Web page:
TheTramontina Machete


After trying a cheap Coglins machete to compare with the old heavy Barteaux, I wasn't in any great hurry to try more cheap machetes! Eventually though I was buying some axe handles and saw some Tramontinas. I'd heard good things about them so I parted with the $11.00 (CAN) and grabbed one...

I had to sand the top of the wooden handle to make it comfortable enough to use - and I even took a few minutes to hone the edge to try to remove the worst of the coarse factory grinding - and folded over edge. Finally today I took it trail clearing and was very impressed. It does a wonderful job of cutting devils club and is far less tiring to use than the heavy Barteaux. It only got about half an hour's use today but it sure did a lot of cutting! The edge held up just fine, and I was one happy trail clearer. The thin light blade with just a minimal sharpening job cut right through the devil's club without causing them to snap back and needle me.

Naturally I had gone without thinking to bring a larger axe or saw, so when it came time to remove some dry snags I had to work with the Gransfors hatchet. Naturally I had to try the Tramontina to see the edge fold, chip and destruct! Well it didn't - and then I was really impressed! It's not much of a chopper due to the lack of weight but it did a reasonable job of splitting out enough chunks to start a fire. Cutting thin green poles of shelter building size was also handled very well.

You need a lot more than a half day's use to really get to know a tool, but the first impressions are very favorable. I was immediately able to see a vast difference between this machete and one that cost a little more but was total junk in use. The edge held up and while I don't expect much through honing back - I'd expect to see some improvement. The handle was very comfortable if a little less than totally secure. I have some more sanding and shaping to do on it - and then I'm sure I'll be very happy with it. It does impart far less of a vibration back to the wrist than the aluminum handled Barteaux - partly due to the handle and partly due to the lighter weight of the blade.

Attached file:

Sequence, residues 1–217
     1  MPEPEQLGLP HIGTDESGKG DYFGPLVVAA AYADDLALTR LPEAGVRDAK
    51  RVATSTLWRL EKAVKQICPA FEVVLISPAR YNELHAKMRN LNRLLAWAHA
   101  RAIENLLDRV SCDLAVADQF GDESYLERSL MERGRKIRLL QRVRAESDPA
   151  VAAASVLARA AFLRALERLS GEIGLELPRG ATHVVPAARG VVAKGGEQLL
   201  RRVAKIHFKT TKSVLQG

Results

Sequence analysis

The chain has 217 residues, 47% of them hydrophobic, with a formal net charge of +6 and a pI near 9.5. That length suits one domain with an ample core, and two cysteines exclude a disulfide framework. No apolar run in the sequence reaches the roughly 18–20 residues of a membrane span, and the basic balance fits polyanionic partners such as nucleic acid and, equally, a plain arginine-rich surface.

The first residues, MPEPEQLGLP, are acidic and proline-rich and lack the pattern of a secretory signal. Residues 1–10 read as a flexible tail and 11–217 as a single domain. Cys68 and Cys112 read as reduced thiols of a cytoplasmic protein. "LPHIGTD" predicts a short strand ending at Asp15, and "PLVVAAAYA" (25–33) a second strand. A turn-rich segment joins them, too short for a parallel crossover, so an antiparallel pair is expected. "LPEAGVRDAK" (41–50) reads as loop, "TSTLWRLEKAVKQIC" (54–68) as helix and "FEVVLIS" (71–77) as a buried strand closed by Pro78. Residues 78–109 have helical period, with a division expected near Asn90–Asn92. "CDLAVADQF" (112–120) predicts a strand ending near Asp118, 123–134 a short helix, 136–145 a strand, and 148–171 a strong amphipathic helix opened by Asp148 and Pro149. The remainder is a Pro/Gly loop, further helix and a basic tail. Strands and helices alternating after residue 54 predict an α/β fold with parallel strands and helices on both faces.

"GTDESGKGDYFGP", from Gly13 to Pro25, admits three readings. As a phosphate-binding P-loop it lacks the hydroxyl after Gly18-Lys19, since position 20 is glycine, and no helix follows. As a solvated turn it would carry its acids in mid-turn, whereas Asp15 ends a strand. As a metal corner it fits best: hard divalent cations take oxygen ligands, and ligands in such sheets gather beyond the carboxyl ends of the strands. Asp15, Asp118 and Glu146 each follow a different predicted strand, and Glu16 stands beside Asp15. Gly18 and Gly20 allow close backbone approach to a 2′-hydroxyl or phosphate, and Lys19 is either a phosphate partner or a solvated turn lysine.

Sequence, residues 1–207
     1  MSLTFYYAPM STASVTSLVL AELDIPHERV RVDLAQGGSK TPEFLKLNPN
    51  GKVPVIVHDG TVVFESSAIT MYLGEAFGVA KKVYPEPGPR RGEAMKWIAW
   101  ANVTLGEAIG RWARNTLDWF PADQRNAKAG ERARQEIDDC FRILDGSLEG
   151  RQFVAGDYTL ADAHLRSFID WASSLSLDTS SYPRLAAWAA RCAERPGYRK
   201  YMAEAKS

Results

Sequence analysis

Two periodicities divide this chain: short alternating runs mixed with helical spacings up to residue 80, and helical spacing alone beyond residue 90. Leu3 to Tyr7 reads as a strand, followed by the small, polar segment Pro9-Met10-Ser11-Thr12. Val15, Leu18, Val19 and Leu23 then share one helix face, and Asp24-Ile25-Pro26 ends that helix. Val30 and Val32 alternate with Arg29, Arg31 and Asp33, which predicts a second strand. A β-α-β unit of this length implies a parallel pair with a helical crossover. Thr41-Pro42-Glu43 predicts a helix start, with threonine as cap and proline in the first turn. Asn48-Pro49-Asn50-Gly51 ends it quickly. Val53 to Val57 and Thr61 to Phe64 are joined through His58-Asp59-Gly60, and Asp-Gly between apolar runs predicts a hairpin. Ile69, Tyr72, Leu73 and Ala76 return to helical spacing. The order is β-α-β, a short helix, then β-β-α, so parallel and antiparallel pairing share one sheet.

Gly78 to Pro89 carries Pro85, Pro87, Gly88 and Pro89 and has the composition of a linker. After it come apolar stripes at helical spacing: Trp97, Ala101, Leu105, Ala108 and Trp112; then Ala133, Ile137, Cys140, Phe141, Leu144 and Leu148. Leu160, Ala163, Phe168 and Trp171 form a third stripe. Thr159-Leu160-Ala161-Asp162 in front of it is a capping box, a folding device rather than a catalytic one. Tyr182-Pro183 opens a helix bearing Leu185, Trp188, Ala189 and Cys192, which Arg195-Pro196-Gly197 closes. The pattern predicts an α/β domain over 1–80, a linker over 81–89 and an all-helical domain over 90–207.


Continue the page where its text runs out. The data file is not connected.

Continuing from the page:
You don't get much of a sheath with a $10 machete but it did come with a vinyl sheath which can be "improved" to hold a sharp edge. I'll probably use some thin wood panelling strips to make a box inside for the blade.

I'll be getting some pictures up in the next few days to compare the two machetes and the modifications I'll be making to the handle, to make it more secure in the hand. I'm not too sure where to drill a thong hole - but I'll get that figured out.

And After A Few Days..

I 'm sure happy with the way the machete is working out. So far it hasn't bent in light splitting - and the edge has only one significant ding - probably from a rock since it's on the tip and I don't worry about the tip. I'm just doing the polishing of the bevel today so all the machete has had is some rough sharpening with a coarse stone. I've been chopping quite a bit of green alder in the 1-2" range and the edge has held very well.

I have a buddy picking up another Tram so that I can see if there is any major difference. That's probably not goingto tell very much if they're from the same lot - but maybe.. The thing is that the original Tram is holding up so well that I'd figure that it's one of the better ones. Quality control of $10 tools is pretty well going to be non existent so it's hard to tell if what I've been using is representitive of the rest of the Tramontinas out there. Maybe I have the best of these and got the worst of the Coglins - who knows? The bottom line is that if a person could have some hope of getting a machete that's pretty reasonable for $10, then they have an awesome clearing implement. While a brusher will do a lot more work, a machete is light to carry and fun to use.

I'm also in the process of making the edge on the Barteaux far more acute so that it chops better in hard wood without glancing. Maybe it'll chop devils club better now too. We'll have to see!

I guess I am seeing some good stuff concerning machetes. In trail clearing I wander along with an axe and saw. I sure don't need a full sized brusher to add to the load. I'm stil concerned with safety though. You sure have to be careful unless you are wearing chainsaw pants or chaps. You don't get very far unless the machete is really sharp with the plant life around here. A slip with a machete and you're going to need a lot more than a few band -aids!



If you have questions, criticisms, or things to add - email me please.


Jimbo

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